There is an article by Mark Easton on the BBC site which is a classic example of ‘conflation’.
So if buying a dodgy laptop or some smuggled cigarettes were to be regarded as socially beyond the pale, then the black market would crumble.
If offered an implausibly cheap laptop by someone, should you buy it even though you know that odds are it is almost certainly stolen?
- No, because the theft of private property is morally indefensible.
If offered implausibly cheap cartons of cigarettes by someone, should you buy them even though you know it is almost certainly smuggled in from a country that taxes them at a much lower rate than the UK?
- Yes, because the theft of private property is morally indefensible, and that includes when governments do it. Odds are they were legally purchased in France.
So here we have an example of meta-context at work again… perhaps.
Mark Easton, writing on the website of the tax funded state broadcaster, conflates the theft of private property (selling a stolen laptop) with avoiding the taxation by the state (which is to say the state taking your money). Hell, chances are the cigarettes have been taxed (in France), just at a less rapacious rate. So all that is really happening is some enterprising soul is doing a bit of arbitrage.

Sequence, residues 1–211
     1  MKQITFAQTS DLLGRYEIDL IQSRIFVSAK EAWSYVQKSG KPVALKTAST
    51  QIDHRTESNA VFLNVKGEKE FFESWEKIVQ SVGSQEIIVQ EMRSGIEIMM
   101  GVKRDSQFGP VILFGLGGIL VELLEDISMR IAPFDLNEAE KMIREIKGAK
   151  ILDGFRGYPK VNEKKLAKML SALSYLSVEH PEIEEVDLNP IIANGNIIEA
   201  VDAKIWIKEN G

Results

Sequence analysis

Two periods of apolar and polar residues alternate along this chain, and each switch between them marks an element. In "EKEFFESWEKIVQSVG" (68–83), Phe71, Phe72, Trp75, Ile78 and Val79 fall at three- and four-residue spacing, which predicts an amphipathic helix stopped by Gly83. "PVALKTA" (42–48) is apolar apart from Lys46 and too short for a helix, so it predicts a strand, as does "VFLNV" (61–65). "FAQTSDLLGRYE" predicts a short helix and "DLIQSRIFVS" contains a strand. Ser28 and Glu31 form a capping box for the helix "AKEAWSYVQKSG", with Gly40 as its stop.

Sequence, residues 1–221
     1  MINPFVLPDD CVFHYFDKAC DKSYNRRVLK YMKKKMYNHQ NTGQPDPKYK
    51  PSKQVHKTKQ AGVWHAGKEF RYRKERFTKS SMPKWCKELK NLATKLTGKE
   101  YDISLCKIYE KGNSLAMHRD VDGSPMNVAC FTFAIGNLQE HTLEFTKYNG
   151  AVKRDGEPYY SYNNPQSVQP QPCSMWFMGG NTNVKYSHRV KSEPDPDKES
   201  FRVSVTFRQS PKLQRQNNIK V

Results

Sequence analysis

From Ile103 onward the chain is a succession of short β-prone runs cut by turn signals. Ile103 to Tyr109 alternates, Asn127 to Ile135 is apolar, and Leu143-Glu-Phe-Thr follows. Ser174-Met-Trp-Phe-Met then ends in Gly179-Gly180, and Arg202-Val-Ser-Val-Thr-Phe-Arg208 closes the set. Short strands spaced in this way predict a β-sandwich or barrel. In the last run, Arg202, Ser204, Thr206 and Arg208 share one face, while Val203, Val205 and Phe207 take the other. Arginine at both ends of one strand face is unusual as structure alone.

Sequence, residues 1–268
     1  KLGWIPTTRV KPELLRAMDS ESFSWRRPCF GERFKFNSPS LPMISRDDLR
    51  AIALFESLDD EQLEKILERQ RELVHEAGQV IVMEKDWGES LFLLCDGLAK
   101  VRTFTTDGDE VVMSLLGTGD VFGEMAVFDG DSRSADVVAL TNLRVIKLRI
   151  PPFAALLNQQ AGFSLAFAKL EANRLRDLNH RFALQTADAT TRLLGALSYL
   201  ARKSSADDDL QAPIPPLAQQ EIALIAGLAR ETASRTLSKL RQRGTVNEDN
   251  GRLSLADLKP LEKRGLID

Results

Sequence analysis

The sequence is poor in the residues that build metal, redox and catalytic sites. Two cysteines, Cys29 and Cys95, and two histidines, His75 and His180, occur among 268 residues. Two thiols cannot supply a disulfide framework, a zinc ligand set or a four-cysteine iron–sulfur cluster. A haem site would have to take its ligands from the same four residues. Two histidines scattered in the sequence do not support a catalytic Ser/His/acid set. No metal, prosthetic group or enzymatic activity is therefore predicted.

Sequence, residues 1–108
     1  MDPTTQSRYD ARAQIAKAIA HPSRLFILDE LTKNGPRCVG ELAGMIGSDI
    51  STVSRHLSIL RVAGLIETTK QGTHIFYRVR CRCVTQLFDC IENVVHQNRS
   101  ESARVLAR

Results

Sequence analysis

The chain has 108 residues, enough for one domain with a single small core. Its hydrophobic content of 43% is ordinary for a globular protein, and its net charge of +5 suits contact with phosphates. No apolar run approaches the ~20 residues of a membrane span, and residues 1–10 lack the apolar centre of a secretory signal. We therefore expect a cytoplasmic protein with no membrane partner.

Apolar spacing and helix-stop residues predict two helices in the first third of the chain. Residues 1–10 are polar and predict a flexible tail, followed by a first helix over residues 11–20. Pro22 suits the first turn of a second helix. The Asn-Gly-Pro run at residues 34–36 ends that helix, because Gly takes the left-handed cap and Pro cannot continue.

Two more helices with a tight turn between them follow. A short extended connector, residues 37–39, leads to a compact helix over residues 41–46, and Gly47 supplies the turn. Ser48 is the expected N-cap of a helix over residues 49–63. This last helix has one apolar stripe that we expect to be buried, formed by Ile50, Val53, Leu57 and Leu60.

There is nothing moral about obediently paying whatever your political masters demand of you, but it is most certainly immoral to knowingly purchase stolen property. But these are not the same things.
It is possible that such a notion that these are quite different (which is to say he is making a category error) never even crossed Mark Easton’s mind, given that within a statist meta-context, it is an unspoken and unexamined ‘given’ that moral relationships between the state and an individual are inverted.
But then as he writes for that tax funded bastion of intrusive regulatory statism, the BBC, who knows? For all I know this may be a conscious tactic, just another example of the “But think of the children…” method.
Think of it this way…
If acquiescing to rapacious taxation and pervasive regulation of our lives were to be regarded as socially beyond the pale, then the black market would not be necessary in the first place.
Stick that in yer meta-context an’ smoke it, Mister Easton.